for /f %f in ('dir /b <dir>\<mask>') do mysql --user=<user> --password=<password> <dbname> < <dir>\%f

With some assumed values (as an example):

for /f %f in ('dir /b c:\sqlbackup\*.sql') do mysql --user=mylogin --password=mypass mydb < c:\sqlbackup\%f

If you had two sets of SQL backups in the folder, you could change the *.sql to something more specific (like mydb_*.sql).

  • This is a great solution, I input more information, in case your folder's name have blank space, we add double quotes. Example: for /f %f in ('dir /b "C:\Bitbucket\db\Aron\March 9\turl_trevin\"*.sql') do mysql --user=root --password=root test < "C:\Bitbucket\db\Aron\March 9\turl_trevin"\%f
    – Dylan B
    Mar 9, 2018 at 3:17

just type:

cat *.sql |mysql -uroot -p

and mysql will import all the sql file in sequence


You could also a for loop to do so:

for i in *.sql
    echo "Importing: $i"
    mysql your_db_name < $i


  • Yes, I prefer a loop like this over importing one big sql file, as it is easier to sort out if one or more .sql files fail at importing and then act accordingly.
    – Wu Wei
    Oct 13, 2021 at 9:21

Enter the mysql shell like this.

mysql --host=localhost --user=username --password --database=db

Then use the source command and a semicolon to seperate the commands.

source file1.sql; source file2; source file3;

  • Not easy when you have 40 + tables and work with database importing. Oct 27, 2018 at 14:29
  • You could cat them all into one file and problem solved. Oct 28, 2018 at 15:04

Save this file as .bat and run it , change variables inside parenthesis ...

@echo off
title Mysql Import Script
cd (Folder Name)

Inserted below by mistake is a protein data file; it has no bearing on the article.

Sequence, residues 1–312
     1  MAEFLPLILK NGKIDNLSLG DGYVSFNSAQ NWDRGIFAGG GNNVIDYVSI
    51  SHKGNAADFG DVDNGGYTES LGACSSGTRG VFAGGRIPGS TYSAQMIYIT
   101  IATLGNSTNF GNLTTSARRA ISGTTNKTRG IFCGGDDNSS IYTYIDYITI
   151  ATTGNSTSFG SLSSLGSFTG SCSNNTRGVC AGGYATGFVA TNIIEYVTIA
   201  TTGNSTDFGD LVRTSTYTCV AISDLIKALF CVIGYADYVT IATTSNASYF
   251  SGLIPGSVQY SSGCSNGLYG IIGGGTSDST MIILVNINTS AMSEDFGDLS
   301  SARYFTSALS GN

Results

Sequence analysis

for %%a in (*) do (
     echo Importing File  : %%a 
     mysql -u(username) -p(password)  %%~na < %%a

if it's only one database modify (%%~na) with the database name .

  • 1
    Nice! But what about when there's no password? Like a local db importing for tests...i tried -p() and -p('') without success. Oct 27, 2018 at 14:55
  • I got it like this but always hitting "enter" to informe no password: @echo off title Mysql Import Script for %%a in (*) do ( echo Importing File : %%a C:\xampp\mysql\bin\mysql.exe -u root -p MYDB < %%a ) pause Oct 27, 2018 at 15:11

The easiest solution is to copy/paste every sql files in one.

You can't add some sql markup for file importation (the imported files will be in your computer, not in the server, and I don't think MySQL manage some import markup for external sql files).

  • 2
    Yes, it's an easy solution and I knew it, but I didn't want to do it, because I need to keep separated the files: Every file is a portion of my system, and if I want to modify maybe three parts after coding a bit I want to import them without copy and paste. Anyway, a solution if there is no better way, thank you Jan 25, 2012 at 9:30
  • An easy way is to create a script concataining all SQL files (e.g. using cat on linux or unix) Jan 25, 2012 at 9:40
  • Is not easiest. Depending of table sizes, you can get in trouble. Oct 27, 2018 at 14:24

Import From multiple SQL files into one Database.

Step 1: Goto to the folder and create file 'import-script.sh' with execute permission (give Permission to file is chmod u+x import-script.sh )

for i in *.sql
    echo "Importing: $i"
    mysql -u USERNAME -pPASSWORD DBNAME < $i

The main thing is -p and PASSWORD didn't add any space.

Step 2: then in your terminal run this command ./import-script.sh


in windows open windows powershell and go to the folder where sql files are then run this command

cat *.sql |  C:\xampp\mysql\bin\mysql.exe -u username -p databasename

Just type below command on your command prompt & it will bind all sql file into single sql file,

c:/xampp/mysql/bin/sql/ type *.sql > OneFile.sql;

for windows users,

You can select the database in the phpMyadmin interface on the left, drag and drop all your files from your windows folder onto the web UI of phpMyadmin.


puts multiple sql file into one file named as data.sql

cat /path/to/**/*.sql > data.sql

enter into database(I will take a example Postgres, because I'm not so familar with Mysql)

psql -U postgres
\l # list all database
\c database_name # connect database
\i /path/to/data.sql; # insert the data